The practice of immigration law encompasses a broad range of legal environments, from business immigration law in which lawyers represent corporations seeking to employ foreign born workers to deportation defense which includes representing individuals detained by the federal government seeking release from detention and relief from removal. Immigration lawyers practice in large and small firms, non-profit agencies and government.


Immigration law can generally be divided into two large spheres – administrative or affirmative practice and deportation defense. Administrative practice involves petitioning the U.S. government to allow a person to migrate to the U.S. on an immigrant or non-immigrant visa or as a refugee. This practice can be further broken down into business immigration, family based immigration and humanitarian based immigration. Deportation defense involves more classic litigation including interviewing and counseling clients, motions practice, legal brief writing, preparing lay and expert witnesses, oral arguments, and appellate practice. Given the high rates of immigration detention and the defensive posture, deportation defense is most like criminal defense in its practice.


Business immigration is practiced in large and small firms. The clients are corporations who seek foreign-born workers and the intending immigrant is a third party beneficiary of the process. Other small firms take a wider range of cases in the administrative areas and may also do some deportation defense. There are also a number of immigration lawyers who are solo practitioners and those practitioners tend to focus on administrative practice but also do deportation defense. Lawyers at nonprofit agencies tend to focus on humanitarian based immigration such as political asylum claims, visas for victims of domestic violence, and visas for trafficking victims. Nonprofit lawyers also increasingly do deportation defense as the number of detentions and deportations grows. Some nonprofits and small firms specialize in immigrants' rights, which includes complex federal litigation, writs of habeas corpus and administrative practice. In the government sector, lawyers can work as policymakers, as prosecutors in deportation cases and as legislative aides to members of Congress specializing in immigration legislation.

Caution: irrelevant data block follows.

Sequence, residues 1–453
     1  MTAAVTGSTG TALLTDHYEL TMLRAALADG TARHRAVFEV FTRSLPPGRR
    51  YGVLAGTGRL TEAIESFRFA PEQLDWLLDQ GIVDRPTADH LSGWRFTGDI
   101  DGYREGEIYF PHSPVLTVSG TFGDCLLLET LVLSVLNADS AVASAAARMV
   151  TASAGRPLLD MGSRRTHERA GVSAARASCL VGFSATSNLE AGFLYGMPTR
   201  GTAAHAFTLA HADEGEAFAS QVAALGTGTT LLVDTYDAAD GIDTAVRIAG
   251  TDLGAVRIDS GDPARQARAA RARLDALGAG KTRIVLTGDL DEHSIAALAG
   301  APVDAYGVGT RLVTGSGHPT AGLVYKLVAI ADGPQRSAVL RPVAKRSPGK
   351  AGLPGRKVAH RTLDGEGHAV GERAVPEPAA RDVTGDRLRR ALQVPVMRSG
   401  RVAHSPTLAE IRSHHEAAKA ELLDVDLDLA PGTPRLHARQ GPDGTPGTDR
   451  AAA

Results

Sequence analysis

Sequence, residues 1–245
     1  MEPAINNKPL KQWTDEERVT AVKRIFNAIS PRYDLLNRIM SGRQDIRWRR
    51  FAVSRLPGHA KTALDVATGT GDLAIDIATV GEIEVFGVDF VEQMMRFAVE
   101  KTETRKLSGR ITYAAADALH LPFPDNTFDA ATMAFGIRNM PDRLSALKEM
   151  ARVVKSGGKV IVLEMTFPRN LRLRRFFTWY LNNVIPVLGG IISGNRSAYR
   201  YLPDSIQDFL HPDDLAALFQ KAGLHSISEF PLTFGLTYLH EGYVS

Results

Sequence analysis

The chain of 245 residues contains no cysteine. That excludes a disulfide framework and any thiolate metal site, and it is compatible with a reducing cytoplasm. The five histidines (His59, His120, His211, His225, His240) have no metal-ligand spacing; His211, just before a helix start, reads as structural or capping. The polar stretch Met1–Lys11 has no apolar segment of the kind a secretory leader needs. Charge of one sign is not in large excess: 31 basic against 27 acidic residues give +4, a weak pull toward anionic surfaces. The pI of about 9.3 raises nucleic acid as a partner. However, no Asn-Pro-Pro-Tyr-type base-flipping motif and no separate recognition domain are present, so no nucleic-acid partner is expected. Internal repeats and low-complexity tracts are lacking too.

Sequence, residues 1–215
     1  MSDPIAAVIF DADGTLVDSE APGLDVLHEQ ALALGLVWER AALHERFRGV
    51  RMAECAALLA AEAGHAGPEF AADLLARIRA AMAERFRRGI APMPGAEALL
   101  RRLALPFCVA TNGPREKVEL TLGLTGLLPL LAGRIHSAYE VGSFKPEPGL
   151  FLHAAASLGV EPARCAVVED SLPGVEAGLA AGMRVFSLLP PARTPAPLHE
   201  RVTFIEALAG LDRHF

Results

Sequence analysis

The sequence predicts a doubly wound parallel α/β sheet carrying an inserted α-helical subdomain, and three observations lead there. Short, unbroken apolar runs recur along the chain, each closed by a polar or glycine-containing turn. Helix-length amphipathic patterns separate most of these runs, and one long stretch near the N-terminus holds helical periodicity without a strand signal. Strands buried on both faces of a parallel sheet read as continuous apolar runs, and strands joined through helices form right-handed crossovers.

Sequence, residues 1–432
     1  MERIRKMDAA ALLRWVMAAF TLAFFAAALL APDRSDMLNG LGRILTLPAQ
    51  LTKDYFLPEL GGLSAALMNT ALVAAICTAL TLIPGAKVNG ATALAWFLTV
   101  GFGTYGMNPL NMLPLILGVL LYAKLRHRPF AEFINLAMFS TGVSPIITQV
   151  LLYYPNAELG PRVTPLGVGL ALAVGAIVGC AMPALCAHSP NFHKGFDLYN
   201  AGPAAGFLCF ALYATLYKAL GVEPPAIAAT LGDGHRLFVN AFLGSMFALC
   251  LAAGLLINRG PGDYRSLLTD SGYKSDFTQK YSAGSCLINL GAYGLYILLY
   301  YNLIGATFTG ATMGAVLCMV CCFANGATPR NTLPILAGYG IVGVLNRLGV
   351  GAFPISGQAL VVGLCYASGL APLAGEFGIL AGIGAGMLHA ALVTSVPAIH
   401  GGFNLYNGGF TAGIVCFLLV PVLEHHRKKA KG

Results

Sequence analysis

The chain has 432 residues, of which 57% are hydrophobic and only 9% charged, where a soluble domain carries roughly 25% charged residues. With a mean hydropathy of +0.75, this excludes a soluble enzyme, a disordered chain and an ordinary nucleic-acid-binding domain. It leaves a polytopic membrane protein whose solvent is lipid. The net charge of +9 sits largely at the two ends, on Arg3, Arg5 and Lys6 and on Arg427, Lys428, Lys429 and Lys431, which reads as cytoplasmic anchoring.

Core Courses

Administrative Law
Evidence
Immigration Law


Recommended Courses

Constitutional Law and Criminal Procedure
Corporations
Family Law
Federal Courts
Trial Advocacy: Intensive


Clinics, Internships and Externships


Immigration Clinic: Students represent non-citizens detained by the immigration service and facing deportation from the United States. Students handle all aspects of representation including: interviewing and counseling clients, drafting motions, preparing lay and expert witnesses, conducting direct and cross examination, preparing applications for relief from removal, preparing legal briefs on various complex arguments including: bond, termination of proceedings, and relief. Students also work with criminal defense attorneys on such issues as pleading to non-deportable offenses, and vacating convictions and with child advocacy attorneys on obtaining findings of fact for immigration relief.


The Civil and Judicial Internship Program: This program offers students semester long placements for credit with non-profit agencies that specialize in various areas including immigration.



Extracurricular Groups and Activities


Immigration Law Association: A student run organization for those interested in practicing immigration and learning more about immigration law and policy.


Public Interest and Pro Bono Programs: the Public Interest office has a variety of pro bono and summer job opportunities with non-profit organizations that either specialize in immigration or do some immigration related work.


Moot Court: There are several competitions at the school which allow students to hone their lawyering skills. The Honor Moot Court Board hosts interscholastic Moot Court competitions. Other opportunities for students include the Negotiation Team, National Trial Team, and National Moot Court Team. There is also an Annual Asylum and Refugee Moot Court Competition at University of California-Davis each year. Suffolk Law School has sent a team to this Moot Court in the past but it is not a regular team so students must speak with Professors Shah or Epps before registering.